New Thinking on Childhood Cancer Survivors

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Acute lymphoblastic leukemia survivors tended to have neurocognitive impairments

November 4, 2013 / Author:  / Reviewed by: Joseph V. Madia, MD Beth Bolt, RPh

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(dailyRx News) Thanks to treatment advances, the vast majority of children diagnosed with leukemia are living well into adulthood. But the powerful treatment, while effective against the cancer, can cause some health problems later in life. A new study looked at the treatment-related effects on survivors’ mental functions.

Up to nearly 60 percent of adults who survived childhood acute lymphoblastic leukemia (ALL) had some form of cognitive impairment, the study discovered.

The types of treatment used and the age of the child at the time of diagnosis impacted the types and rates of neurocognitive difficulties experienced by the adult survivors, according to the research.

The problems affected the individual’s educational achievements and employment.

"Keep thorough records of your cancer treatments."

Kevin R. Krull, PhD, a researcher in the Department of Epidemiology and Cancer Control at St. Jude Children’s Research Hospital in Memphis, TN, and colleagues conducted this study to determine rates, patterns and predictors of cognitive problems in adult survivors of ALL.

Acute lymphoblastic leukemia is a blood cancer that’s diagnosed in about 3,000 children and adolescents under the age of 20 in the US every year.

The researchers identified 567 patients who had been treated for ALL 10 or more years earlier at St. Jude. The average age of participants was 33 years, and they were an average of 26 years beyond their childhood ALL diagnosis.

The researchers recorded the treatment each participant had received — cranial radiation therapy (CRT) or chemotherapy. The dosages of CRT were also noted.

Among the participants, 32.8 percent were treated with 24 units CRT, 29.5 percent with 18 units of CRT, and 37.7 percent of the children received chemotherapy only.

Participants completed comprehensive health, demographic and psychosocial surveys. They each had a risk-based medical assessment.

The neurocognitive function testing evaluated six domains: intelligence, academic skills, attention, memory, processing speed and executive function (focus, ability to switch tasks, connect past with present).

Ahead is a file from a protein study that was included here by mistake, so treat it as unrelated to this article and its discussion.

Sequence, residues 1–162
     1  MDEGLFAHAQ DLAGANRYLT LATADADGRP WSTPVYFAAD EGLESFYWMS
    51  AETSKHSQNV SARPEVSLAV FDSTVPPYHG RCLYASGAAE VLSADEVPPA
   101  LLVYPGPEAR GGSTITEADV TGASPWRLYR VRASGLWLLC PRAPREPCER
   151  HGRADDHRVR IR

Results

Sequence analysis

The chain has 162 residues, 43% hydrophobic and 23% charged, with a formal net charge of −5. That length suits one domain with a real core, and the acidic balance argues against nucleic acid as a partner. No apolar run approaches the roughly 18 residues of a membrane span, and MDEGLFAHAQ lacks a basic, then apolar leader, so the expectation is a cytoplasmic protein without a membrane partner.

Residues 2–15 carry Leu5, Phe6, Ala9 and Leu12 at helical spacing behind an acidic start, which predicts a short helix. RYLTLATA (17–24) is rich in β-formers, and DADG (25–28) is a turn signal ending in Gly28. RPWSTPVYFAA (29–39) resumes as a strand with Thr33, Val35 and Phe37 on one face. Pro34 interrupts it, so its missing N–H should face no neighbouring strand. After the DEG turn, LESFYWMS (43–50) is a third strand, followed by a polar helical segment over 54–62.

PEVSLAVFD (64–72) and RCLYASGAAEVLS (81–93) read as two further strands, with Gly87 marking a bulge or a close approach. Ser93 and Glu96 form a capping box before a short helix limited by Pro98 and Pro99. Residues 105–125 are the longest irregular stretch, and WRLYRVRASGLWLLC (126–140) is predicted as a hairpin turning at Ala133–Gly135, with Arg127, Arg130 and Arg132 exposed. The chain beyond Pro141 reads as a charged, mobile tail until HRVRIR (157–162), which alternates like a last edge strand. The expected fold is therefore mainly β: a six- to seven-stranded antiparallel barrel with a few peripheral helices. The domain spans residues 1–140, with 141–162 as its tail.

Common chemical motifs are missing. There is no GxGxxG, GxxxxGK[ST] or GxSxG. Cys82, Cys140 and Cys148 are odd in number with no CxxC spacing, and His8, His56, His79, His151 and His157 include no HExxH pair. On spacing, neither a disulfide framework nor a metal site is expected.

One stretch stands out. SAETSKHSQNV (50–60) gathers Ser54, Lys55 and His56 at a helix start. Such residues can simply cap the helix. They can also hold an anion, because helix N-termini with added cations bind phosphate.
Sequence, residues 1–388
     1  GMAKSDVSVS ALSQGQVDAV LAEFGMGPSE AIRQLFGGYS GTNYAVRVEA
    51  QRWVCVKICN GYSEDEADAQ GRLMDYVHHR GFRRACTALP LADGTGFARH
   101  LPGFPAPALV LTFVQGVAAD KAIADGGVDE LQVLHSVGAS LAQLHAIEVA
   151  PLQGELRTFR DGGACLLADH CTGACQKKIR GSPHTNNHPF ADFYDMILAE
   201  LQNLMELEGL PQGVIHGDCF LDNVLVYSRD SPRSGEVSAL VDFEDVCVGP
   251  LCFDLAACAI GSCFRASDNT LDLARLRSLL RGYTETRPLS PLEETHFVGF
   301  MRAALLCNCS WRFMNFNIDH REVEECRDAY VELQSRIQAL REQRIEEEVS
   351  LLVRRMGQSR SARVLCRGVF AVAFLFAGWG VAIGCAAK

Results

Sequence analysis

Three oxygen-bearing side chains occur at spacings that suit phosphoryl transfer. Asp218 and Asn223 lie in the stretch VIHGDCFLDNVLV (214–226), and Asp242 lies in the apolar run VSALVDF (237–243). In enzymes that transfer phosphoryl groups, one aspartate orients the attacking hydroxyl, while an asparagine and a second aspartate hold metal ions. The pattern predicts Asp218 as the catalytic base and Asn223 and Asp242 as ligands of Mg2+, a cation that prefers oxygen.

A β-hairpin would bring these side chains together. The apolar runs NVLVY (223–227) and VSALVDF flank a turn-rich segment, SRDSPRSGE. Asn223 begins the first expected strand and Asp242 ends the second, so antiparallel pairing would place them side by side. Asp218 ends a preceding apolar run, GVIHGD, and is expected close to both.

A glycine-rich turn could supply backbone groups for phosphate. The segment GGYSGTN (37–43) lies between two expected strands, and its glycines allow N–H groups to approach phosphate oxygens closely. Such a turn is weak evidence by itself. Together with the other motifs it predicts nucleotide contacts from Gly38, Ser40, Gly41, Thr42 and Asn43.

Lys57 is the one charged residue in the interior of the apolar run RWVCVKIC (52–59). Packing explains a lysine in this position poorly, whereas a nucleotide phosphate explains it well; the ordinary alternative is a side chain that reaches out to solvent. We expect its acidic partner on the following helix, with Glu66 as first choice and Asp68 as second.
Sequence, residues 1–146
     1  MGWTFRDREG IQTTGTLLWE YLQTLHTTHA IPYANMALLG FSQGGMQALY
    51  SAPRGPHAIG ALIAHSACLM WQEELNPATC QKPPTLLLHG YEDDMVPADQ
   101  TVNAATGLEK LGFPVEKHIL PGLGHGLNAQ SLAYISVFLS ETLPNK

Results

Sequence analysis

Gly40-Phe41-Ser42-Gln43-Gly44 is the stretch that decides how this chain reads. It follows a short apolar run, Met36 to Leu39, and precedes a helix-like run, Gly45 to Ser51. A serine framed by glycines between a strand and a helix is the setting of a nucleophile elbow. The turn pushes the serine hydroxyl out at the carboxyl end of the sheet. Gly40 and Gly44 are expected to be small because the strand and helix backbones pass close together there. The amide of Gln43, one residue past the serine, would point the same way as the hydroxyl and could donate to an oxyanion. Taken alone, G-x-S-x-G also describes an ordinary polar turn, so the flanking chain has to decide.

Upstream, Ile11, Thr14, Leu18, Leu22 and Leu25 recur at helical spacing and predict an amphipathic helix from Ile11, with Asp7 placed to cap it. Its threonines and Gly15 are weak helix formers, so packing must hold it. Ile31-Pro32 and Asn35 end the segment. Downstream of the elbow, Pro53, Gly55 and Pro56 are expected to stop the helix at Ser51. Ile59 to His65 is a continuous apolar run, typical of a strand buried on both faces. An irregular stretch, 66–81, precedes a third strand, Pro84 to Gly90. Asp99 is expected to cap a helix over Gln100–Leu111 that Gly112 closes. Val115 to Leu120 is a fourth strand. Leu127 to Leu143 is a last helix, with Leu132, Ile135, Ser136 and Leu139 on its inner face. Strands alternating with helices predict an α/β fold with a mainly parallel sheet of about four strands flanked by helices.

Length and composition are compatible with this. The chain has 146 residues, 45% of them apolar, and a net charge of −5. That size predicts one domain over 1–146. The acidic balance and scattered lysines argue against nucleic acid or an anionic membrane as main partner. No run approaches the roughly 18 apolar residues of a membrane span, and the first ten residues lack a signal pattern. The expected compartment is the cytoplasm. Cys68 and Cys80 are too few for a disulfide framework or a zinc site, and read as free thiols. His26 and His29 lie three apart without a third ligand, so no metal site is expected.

Study members also answered questions about their perceptions of their own thinking and reasoning skills.

The research team discovered the following:

  • Between 28.6 percent and 58.9 percent of the participants experienced impairments across the different domains.
  • Those treated with chemotherapy only demonstrated increased impairment in all domains.
  • CRT-related impairments were seen at both dosages — 18 units and 24 units.
  • The more years since diagnosis, the more impairment in executive function was seen.
  • The younger a child was when treated with CRT, the greater the progressive impairments in intellect, academics and memory.
  • Patients who had been diagnosed 45 years earlier and had been treated with 24 units of CRT had a six-fold increased risk of impaired executive function than those who weren’t treated with CRT.
  • All survivors reported that behavior problems increased 5 percent for each year since diagnosis.

“This study demonstrates persistent and significant neurocognitive impairment in adult survivors of childhood ALL and warrants ongoing monitoring of brain health to facilitate successful adult development and to detect early onset of decline as survivors mature,” the researchers wrote.

Based on these findings, the authors suggested, “Ongoing services to support survivors of childhood cancer are needed as they transition into adulthood. Resources for success in higher education and vocational placement may improve this transition and future quality of life. Continued monitoring by health professionals is recommended to identify neurocognitive problems that may emerge with time. Treatment of these problems may enhance long-term maturation and quality of life."

This study was published November 4 in the Journal of Clinical Oncology.

The National Cancer Institute and the American Lebanese Syrian Associated Charities funded the research.

No conflicts of interest were reported.

Review Date: 
November 5, 2013
Last Updated:
November 4, 2013